I'm attempting to understand how to motivate quantum mechanics through the use of path integrals. Because the path integral approach provides such a direct connection to classical mechanics (via the principle of least action), and because it provides such a direct physical understanding of the difference between classical and quantum mechanics, I think it's a really valuable lens through which to understand quantum theory. However, I'm having some conceptual difficulties regarding the introduction of spin.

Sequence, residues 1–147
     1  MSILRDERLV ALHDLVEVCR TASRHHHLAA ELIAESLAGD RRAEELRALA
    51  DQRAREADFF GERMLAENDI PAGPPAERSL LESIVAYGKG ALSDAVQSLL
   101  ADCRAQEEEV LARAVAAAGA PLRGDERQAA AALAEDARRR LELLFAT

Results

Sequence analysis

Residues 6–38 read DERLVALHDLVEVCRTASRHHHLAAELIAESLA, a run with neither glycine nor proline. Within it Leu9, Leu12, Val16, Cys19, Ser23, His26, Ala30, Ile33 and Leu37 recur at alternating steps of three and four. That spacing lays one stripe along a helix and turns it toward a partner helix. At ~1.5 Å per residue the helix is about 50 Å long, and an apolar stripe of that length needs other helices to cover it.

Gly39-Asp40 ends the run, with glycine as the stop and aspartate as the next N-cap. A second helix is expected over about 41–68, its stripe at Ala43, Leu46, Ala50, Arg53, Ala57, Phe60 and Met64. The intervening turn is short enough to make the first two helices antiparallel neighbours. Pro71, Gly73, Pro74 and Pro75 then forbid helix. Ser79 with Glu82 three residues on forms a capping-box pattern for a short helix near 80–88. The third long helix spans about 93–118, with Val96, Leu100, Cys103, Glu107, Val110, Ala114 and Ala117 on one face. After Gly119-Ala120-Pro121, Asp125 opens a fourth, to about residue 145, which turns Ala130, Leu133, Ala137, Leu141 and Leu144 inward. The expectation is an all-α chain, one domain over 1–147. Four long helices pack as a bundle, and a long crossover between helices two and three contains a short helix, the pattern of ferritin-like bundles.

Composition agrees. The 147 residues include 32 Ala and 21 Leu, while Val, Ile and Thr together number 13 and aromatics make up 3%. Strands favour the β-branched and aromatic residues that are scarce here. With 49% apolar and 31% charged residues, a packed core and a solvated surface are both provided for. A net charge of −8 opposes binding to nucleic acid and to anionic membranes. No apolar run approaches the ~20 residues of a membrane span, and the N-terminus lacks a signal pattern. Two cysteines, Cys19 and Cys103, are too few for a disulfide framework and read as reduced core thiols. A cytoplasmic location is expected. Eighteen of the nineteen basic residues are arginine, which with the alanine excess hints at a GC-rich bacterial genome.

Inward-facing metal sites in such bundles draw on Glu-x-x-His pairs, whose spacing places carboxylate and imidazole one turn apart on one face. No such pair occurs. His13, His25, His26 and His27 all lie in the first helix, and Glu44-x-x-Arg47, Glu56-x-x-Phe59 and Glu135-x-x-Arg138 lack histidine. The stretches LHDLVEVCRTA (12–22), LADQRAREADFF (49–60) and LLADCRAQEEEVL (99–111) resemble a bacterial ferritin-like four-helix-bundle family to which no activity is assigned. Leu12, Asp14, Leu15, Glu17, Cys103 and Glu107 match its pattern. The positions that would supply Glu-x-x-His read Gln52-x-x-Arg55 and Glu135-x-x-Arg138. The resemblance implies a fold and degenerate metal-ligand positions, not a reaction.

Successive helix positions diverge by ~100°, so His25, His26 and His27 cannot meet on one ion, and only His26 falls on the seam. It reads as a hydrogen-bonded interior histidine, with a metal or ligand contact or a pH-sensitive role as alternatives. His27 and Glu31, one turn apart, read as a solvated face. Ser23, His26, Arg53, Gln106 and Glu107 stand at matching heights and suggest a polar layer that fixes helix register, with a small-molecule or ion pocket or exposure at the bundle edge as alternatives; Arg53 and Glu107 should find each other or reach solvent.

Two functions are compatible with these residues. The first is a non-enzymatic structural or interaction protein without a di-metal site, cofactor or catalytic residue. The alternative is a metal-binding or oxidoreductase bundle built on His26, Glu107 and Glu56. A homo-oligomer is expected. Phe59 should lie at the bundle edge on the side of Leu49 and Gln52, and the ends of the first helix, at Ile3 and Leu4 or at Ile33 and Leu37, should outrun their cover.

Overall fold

The problem is as follows: suppose we know nothing about quantum mechanics except that the space of states is a complex Hilbert space whose inner product maps quantum states to probability amplitudes. Given that a system is in some quantum state $|\psi,t_0\rangle$, we can write the state of the system at some future time $t$ as $$|\psi,t\rangle = \hat{U}(t,t_0)|\psi,t_0\rangle.$$ We know that $\hat{U}$ must be a unitary operator due to the probabilistic interpretation of the inner product $\langle\psi|\psi\rangle$, and therefore that $$U(t_0,t) = U^\dagger(t,t_0).$$ Taking a time derivative, we have that $$\frac{\partial}{\partial t}|\psi,t\rangle = \frac{\partial\hat{U}(t,t_0)}{\partial t}|\psi,t_0\rangle = \frac{\partial\hat{U}(t,t_0)}{\partial t}\hat{U}^\dagger(t,t_0)|\psi,t\rangle.$$ If we define the operator $$\Lambda(t,t_0) = \frac{\partial\hat{U}(t,t_0)}{\partial t}\hat{U}^\dagger(t,t_0),$$ we can show (using only the unitarity of $\hat{U}$ that $\Lambda(t,t_0)$ is a.) independent of $t_0$ and b.) anti-Hermitian. We then define the operator $$H(t) = i \hbar \Lambda(t),$$ such that the time evolution of a quantum state is given by the Schrodinger equation as $$i\hbar\frac{\partial}{\partial t}|\psi,t\rangle = H(t)|\psi,t\rangle.$$ Now all that remains is to determine the operator $H(t)$. We could simply postulate the form of this operator, but instead we will use the path integral approach as a postulate and derive the form of $H(t)$ from there. We assume that the matrix elements of the unitary time evolution operator $\hat{U}(t,t_0$ are given by $$\langle\vec{r}|\hat{U}(t,t_0)|\vec{r}_0\rangle = \int\mathcal{D}\vec{r}\,e^{\frac{i}{\hbar}S[\vec{r}(t)]},$$ where $S$ is the classical action and $\int\mathcal{D}\vec{r}$ denotes integration (however it may be defined) over the space of paths connecting the spacetime points $(t_0,\vec{r}_0)$ and $(t,\vec{r})$. Using this postulate, we can write the matrix elements of the operator $H(t)$ as \begin{align}\langle\vec{r}|H(t)|\vec{r}_0\rangle &= i\hbar\int \mathrm{d}\vec{r}'\frac{\partial}{\partial t}\left[\langle\vec{r}|\hat{U}(t,t_0)|\vec{r}'\rangle\right]\langle\vec{r}'|\hat{U}^\dagger(t,t_0)|\vec{r}_0\rangle,\\ &= i\hbar\int \mathrm{d}\vec{r}'\frac{\partial}{\partial t}\left[\int\mathcal{D}\vec{r}\,e^{\frac{i}{\hbar}S[\vec{r}(t)]}\right]\langle\vec{r}'|\hat{U}^\dagger(t,t_0)|\vec{r}_0\rangle,\\ &= i\hbar\int \mathrm{d}\vec{r}'\left[\int\mathcal{D}\vec{r}\frac{\partial}{\partial t}\,e^{\frac{i}{\hbar}S[\vec{r}(t)]}\right]\langle\vec{r}'|\hat{U}^\dagger(t,t_0)|\vec{r}_0\rangle,\\ &= i\hbar\int \mathrm{d}\vec{r}'\left[\int\mathcal{D}\vec{r}\frac{i}{\hbar}\frac{\partial S}{\partial t}\,e^{\frac{i}{\hbar}S[\vec{r}(t)]}\right]\langle\vec{r}'|\hat{U}^\dagger(t,t_0)|\vec{r}_0\rangle,\\ &= \int \mathrm{d}\vec{r}'\left[\int\mathcal{D}\vec{r}\left(-\frac{\partial S}{\partial t}\right)\,e^{\frac{i}{\hbar}S[\vec{r}(t)]}\right]\langle\vec{r}'|\hat{U}^\dagger(t,t_0)|\vec{r}_0\rangle.\end{align}